Our new herb garden, in a section of the Walled Garden here at Chawton House Library, was officially opened by Her Majesty’s Lord-Lieutenant of Hampshire, Mr Nigel Atkinson, on the 14th of July. It is a tribute to Elizabeth Blackwell, a pioneering mid eighteenth-century herbalist whose 2-volume Curious Herbal work is held in our library collection.
Elizabeth Blackwell (nee Blachrie), a merchant’s daughter, was born c.1700 in Aberdeen, Scotland. After her marriage to Alexander Blackwell, the couple were forced to flee Aberdeen when he was challenged for practising medicine without a licence. In London, and with the help of his wife’s dowry, Alexander set up business as a printer, once again without following the obligatory trade regulations. He was fined and his inability to pay the fines, and mounting debts, saw him thrown into debtors’ prison.
In order to provide for herself and her child, Elizabeth determined to produce an herbal. Like many young women of her class, she had received tuition in drawing and painting. She made detailed botanical drawings of plants, and later took them to Alexander in prison where he would use his medical knowledge to provide descriptions for their use. Elizabeth was responsible for sketching, engraving and hand-colouring the illustrations. Between 1737 and 1739 she published four plates each week until 500 images had been produced. The complete work was then published in two volumes as A Curious Herbal containing five hundred cuts of the most useful plants, which are now used in the practice of physick, to which is added a short description of ye plants and their common uses in physick. Her achievement would normally have taken three artists and craftsmen.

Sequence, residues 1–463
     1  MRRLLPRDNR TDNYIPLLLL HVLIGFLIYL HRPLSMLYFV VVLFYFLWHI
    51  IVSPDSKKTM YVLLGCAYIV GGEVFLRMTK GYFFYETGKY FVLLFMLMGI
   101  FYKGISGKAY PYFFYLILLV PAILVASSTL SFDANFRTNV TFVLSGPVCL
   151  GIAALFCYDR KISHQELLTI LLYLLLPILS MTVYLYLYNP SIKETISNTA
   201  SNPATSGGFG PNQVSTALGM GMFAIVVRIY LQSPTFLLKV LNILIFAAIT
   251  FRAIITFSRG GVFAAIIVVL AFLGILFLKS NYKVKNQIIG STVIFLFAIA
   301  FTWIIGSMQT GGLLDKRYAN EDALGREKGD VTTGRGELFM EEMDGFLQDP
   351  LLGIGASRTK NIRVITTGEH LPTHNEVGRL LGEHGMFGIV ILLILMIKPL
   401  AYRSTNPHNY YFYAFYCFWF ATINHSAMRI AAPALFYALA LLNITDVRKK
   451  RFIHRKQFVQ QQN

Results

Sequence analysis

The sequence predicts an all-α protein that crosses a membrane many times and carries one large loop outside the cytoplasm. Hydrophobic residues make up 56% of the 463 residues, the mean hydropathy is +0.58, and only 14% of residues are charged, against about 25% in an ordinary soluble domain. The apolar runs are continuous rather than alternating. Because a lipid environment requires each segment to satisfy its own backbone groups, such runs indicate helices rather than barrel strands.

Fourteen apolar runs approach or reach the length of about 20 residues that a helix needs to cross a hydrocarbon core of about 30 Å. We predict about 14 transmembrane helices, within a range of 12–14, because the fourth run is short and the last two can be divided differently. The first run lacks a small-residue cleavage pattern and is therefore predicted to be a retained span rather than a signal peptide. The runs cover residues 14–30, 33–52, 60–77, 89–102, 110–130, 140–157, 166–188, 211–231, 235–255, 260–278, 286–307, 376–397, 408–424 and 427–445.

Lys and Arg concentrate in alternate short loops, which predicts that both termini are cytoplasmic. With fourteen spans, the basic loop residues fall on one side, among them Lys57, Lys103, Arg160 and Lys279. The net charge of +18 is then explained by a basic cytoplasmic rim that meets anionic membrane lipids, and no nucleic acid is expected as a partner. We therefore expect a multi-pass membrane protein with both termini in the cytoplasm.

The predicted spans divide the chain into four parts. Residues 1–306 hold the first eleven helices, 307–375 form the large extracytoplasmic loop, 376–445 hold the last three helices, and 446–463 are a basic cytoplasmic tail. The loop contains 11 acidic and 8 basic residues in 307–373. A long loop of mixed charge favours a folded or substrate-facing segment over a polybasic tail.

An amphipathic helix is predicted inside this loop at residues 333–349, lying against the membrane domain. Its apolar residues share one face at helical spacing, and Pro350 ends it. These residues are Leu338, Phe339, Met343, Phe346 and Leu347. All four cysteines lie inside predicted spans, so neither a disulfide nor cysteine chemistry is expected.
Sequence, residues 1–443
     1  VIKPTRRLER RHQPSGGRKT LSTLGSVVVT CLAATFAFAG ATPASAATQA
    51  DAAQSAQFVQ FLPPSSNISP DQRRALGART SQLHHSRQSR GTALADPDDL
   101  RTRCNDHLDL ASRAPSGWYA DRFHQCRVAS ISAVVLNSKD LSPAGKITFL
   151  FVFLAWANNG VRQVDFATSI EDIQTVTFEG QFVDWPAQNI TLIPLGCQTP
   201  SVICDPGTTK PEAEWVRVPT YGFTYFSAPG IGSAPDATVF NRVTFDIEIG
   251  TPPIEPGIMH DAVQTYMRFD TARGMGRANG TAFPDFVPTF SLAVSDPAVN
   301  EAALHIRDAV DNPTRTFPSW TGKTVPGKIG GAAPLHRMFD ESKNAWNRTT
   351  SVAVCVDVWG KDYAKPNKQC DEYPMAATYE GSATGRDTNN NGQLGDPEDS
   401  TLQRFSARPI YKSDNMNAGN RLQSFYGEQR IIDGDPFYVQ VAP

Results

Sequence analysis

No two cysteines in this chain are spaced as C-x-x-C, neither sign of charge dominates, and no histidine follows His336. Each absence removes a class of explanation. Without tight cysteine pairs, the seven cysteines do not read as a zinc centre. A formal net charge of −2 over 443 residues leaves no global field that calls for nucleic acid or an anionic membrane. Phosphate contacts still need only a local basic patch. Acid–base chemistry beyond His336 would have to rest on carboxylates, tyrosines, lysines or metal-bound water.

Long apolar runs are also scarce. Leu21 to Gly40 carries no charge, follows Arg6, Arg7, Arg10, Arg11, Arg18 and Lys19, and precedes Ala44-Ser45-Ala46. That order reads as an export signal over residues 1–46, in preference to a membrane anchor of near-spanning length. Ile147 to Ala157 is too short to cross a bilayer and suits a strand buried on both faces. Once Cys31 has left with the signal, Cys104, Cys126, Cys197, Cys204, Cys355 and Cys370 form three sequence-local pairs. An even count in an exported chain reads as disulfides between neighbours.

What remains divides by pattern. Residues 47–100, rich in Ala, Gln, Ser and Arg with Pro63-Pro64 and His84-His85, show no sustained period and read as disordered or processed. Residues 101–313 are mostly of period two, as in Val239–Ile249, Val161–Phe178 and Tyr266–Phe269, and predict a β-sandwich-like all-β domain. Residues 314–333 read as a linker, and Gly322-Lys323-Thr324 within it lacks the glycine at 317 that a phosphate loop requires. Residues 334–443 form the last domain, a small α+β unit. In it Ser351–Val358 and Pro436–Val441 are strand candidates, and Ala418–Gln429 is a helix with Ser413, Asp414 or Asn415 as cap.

Until this point in the mid-eighteenth century, all of the major English herbals – Gerard (1597), Parkinson (1640), and Culpeper (1653) – had been produced by men. Blackwell’s mid eighteenth-century herbal appeared at a critical moment that saw the gradual emergence of botany as a science distinct from simply the medical uses of plants. By the end of the eighteenth century, it was botany that had become widely accepted as the one suitable branch of scientific study for women. What marks out Blackwell’s herbal is the quality of the illustrations. Many of them are based on detailed observations of specimens being grown at the Chelsea Physick Garden, where she was supported and encouraged by Sir Hans Sloane, Richard Mead and Isaac Rand, the apothecary and the Physick Garden’s curator.
Herbals were of course closely tied to gardens like the Chelsea Physick garden, and our interpretation of a herb garden here at Chawton House Library honours this link. But for women living at estates like this one, some of the most important medicinal herbs were still to be sought in the fields and hedgerows of the countryside.
The Royal College of Physicians endorsed Elizabeth Blackwell’s book and it became a financial success enabling her to secure Alexander’s release from prison. In 1742 Alexander once again left his family to travel to Sweden, taking the remaining funds from the book. He was subsequently executed for treason in 1747 after becoming embroiled in a political conspiracy. Elizabeth died approximately ten years later, in 1758. She is buried in the churchyard at Chelsea Old Church.